Spotify has named Kenyan recording and performing artists as the platform’s EQUAL Africa ambassador for February.

Gitu, who has been in the music industry for over 13 years, boasts an extensive music catalogue consisting of 60+ released songs. 

On learning about the ambassadorship, she said, “It’s an immense honour to be recognised on Spotify EQUAL as a leading female voice to listen out for on the continent. 

I do hope that my music continues to inspire hope and love to heal generations, spreading – round good vibes for the mind, body, and soul – all over the world.”

In this interview, she talks about music being her destiny and how African music influenced her.

What is that one surprising thing your fans might not know about you? 

In multiple lifetimes, I would love to be a gospel choir director, an EDM DJ / Producer, a race car driver, an international diplomat, a fashion director, a comedy/drama writer, a film producer, and many other hidden curiosities. 

And still, I’m an introvert. 

When did you realise that making music was your destiny and what is your WHY for pursuing this craft?

When I was born, doc said I sang instead of crying. My mother and sister are impeccable musicians, greatly influencing and supporting my love for music from the jump.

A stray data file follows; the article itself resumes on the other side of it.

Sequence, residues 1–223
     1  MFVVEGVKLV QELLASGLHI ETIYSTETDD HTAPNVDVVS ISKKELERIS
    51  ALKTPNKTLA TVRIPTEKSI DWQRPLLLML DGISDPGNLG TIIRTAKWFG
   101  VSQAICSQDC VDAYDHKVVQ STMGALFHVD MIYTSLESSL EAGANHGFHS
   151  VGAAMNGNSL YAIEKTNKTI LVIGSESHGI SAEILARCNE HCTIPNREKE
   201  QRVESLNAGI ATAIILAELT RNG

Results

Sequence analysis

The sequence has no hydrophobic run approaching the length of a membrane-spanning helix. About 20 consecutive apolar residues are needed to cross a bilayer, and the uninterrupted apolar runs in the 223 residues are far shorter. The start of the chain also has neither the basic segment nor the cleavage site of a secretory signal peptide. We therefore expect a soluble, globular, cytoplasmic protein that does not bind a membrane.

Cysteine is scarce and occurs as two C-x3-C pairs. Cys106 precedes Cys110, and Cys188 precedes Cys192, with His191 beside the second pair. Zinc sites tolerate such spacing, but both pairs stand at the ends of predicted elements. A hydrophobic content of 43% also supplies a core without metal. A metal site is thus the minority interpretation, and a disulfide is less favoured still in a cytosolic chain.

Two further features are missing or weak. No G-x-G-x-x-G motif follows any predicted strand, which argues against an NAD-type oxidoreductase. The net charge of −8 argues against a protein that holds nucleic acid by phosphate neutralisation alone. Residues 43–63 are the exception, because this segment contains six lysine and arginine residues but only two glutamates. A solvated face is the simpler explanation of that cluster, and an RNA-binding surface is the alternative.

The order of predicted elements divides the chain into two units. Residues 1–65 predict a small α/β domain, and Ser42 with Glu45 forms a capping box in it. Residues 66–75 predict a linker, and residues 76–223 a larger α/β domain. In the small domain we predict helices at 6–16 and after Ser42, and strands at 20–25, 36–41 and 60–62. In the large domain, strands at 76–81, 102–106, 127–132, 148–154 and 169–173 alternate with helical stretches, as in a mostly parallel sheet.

I started writing, producing, recording, and performing music in primary school and got serious about it in high school where I would write winning pieces for competitions and such. 

The palpable energy of hosting disruptive “concerts” in the dorm after lights-out in boarding school reaffirmed my passion and desire to be a global star. 

I carried on through university and eventually broke into the Kenyan music scene. 13 years on and still hungry, I am a true testament to resilience and seeing my dreams through against all odds. 

My sights are set on the global stage to represent home. Itajipa

Which African songs or artists did you grow up listening to?

I grew up listening to a lot of Kenyan pop and gospel music. Artists such as the late E-Sir, Kleptomaniax, Nazizi, Ogopa Deejays, Gospel Fathers, and many more, were my first impression of what being a Kenyan superstar looked and sounded like. 

I was also listening to international artists such as Missy Elliot, India Arie, Destiny’s Child, a lot of Jamaican dancehalls (Beenie Man, T.O.K., South African Kwaito (Yvonne Chaka Chaka, Brenda Fassie,…) and many more. 

All these cool urban sounds influenced my writing skills and perspective from a young age. I listen to a lot of Kenyan and African pop/fusion, keeping up with the best of the best on the continent.

To someone who has never heard your music, how would you describe the sound, tone, and style? 

I describe my style in music and fashion as Fenamenal; soulful Afro-urban fusion. The tone is aspirational, seasoned, nostalgic, refreshing, witty, and calm. 

Keen on lyrical wordplay and melodies, wrapped in an irresistible Eastlando bounce. 

Any advice for someone dreading following their dreams? 

Do it afraid. Just, keep doing it.